"My belief is we don't want to replace one group of insiders with another group of insiders," Edwards said.
Clinton, given a chance to answer her primary foes directly, looked momentarily speechless.
"I'm just taking it all in," Clinton said. "I've noticed in the past few days, a lot of the other campaigns have been using my name a lot."
But "I don't want to fight with the Democrats," Clinton added. "I want a united Democratic Party that will stand against the Republicans."
On labor matters, the seven Democrats -- which also included Senator Joseph Biden of Delaware, Representative Dennis Kucinich of Ohio and Governor Bill Richardson of New Mexico -- competed to persuade the union members each was the most worker-friendly.
Kucinich -- describing himself to much laughter as the "Seabiscuit of this campaign" because of his low showing in public opinion polls -- was alone in vowing to eliminate NAFTA.
The other candidates pledged to amend the trade pact with Mexico and Canada to provide greater US worker protection.
Richardson won enthusiastic applause when he vowed to "get rid of all the union-busting attorneys at the Department of Labor and OSHA and all our agencies."
Biden bemoaned the nation's financial reliance on China, blaming the high cost of the Iraq war for the nearly $1 trillion in US debt China owns.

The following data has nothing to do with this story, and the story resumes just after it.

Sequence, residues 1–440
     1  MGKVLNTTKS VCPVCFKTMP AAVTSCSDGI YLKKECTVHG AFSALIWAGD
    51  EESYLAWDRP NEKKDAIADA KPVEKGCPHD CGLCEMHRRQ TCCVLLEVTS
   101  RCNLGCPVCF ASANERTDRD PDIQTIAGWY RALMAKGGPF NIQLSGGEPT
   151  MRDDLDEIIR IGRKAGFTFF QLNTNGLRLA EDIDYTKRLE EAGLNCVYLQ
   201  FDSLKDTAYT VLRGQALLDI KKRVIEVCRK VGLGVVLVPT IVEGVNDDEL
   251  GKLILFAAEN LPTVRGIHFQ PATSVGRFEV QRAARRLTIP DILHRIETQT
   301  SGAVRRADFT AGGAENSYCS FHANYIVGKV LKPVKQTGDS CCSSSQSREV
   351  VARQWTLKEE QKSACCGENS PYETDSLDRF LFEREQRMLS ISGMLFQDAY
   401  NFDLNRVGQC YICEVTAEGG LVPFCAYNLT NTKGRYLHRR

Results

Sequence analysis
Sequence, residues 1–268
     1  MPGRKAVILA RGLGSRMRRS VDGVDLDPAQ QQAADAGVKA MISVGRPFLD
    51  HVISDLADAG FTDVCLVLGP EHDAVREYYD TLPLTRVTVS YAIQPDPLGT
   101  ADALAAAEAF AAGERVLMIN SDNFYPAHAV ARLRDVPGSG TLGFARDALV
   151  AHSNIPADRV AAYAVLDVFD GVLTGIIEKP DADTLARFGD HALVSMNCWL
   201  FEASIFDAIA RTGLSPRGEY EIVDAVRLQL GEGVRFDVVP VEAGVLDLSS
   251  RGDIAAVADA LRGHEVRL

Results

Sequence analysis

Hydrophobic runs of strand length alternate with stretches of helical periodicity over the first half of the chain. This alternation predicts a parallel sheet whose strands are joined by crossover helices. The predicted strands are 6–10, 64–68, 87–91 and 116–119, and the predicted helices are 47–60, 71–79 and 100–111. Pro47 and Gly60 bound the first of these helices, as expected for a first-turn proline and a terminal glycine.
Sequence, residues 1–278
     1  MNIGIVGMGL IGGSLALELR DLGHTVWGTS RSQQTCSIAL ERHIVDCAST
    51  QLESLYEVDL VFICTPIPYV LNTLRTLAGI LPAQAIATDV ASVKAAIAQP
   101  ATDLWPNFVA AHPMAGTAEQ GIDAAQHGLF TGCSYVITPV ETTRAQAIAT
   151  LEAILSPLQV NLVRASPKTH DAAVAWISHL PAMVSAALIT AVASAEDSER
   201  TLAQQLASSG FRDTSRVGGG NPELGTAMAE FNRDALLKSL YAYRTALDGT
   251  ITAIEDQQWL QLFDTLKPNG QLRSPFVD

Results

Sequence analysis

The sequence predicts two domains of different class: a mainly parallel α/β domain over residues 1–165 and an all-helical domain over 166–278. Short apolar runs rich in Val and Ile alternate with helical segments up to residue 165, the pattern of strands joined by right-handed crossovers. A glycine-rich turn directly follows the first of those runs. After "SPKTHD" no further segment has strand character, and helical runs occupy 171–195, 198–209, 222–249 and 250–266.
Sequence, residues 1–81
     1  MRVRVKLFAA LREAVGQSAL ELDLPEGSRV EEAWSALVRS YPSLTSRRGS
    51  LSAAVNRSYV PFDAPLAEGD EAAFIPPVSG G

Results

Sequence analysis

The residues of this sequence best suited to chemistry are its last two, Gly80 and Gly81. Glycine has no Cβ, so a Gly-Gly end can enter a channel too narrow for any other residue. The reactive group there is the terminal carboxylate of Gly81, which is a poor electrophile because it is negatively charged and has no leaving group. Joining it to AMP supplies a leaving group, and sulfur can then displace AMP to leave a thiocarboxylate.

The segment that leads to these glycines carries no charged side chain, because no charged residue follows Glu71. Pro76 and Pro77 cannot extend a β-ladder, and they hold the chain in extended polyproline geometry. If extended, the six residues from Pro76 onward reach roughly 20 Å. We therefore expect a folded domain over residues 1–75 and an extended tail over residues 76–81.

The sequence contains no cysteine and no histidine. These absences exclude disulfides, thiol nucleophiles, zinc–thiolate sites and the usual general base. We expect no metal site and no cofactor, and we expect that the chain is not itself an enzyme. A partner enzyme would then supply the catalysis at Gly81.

"The fact of the matter is, they hold the mortgage on our house," Biden said.
The questions posed by union members to the candidates reflected the anxieties and anger of organized labor over factory closings, lost benefits, and diminishing health coverage. One man on crutches broke into tears, saying his employer went bankrupt and cut his pension and healthcare and he couldn't care for his wife of 35 years. He got one of the strongest ovations of the night when he asked how the candidates would fix this broken system.
An endorsement from the 55-union AFL-CIO is an enormous coup for a candidate. While union membership has declined nationwide in recent years, the unions follow up their verbal blessings with on-the-ground assistance manning phone banks, mobilizing union households, and getting out the vote on election day.
AFL-CIO president John Sweeney said both the umbrella group and its individual unions wanted to spend time evaluating the Democratic candidates -- all of whom, other labor officials said, had strong records on worker issues -- before making a decision.
The accelerated primary season puts pressure on many interest groups to make an endorsement early to maximize their impact. But Sweeney, recalling earlier elections, when the union federation endorsed former governor Howard Dean of Vermont and former representative Richard Gephardt of Missouri, Sweeney said the union wants to take its time this year.
"This time they want to make sure, hopefully, they're endorsing the winner," Sweeney said in an interview before the presidential forum.
While only 12 percent of the public and private sector US workforce are members of unions, the AFL-CIO was key in electing Democrats in 2006, said Karen Ackerman, the AFL-CIO's political director. Fully 76 percent of AFL-CIO union members voted for the union-endorsed candidate, she said, providing critical support to 525 AFL-CIO endorsed candidates in 32 states last year.
"The AFL-CIO program is the biggest political program in the country," she said. "Nobody talks to as many voters."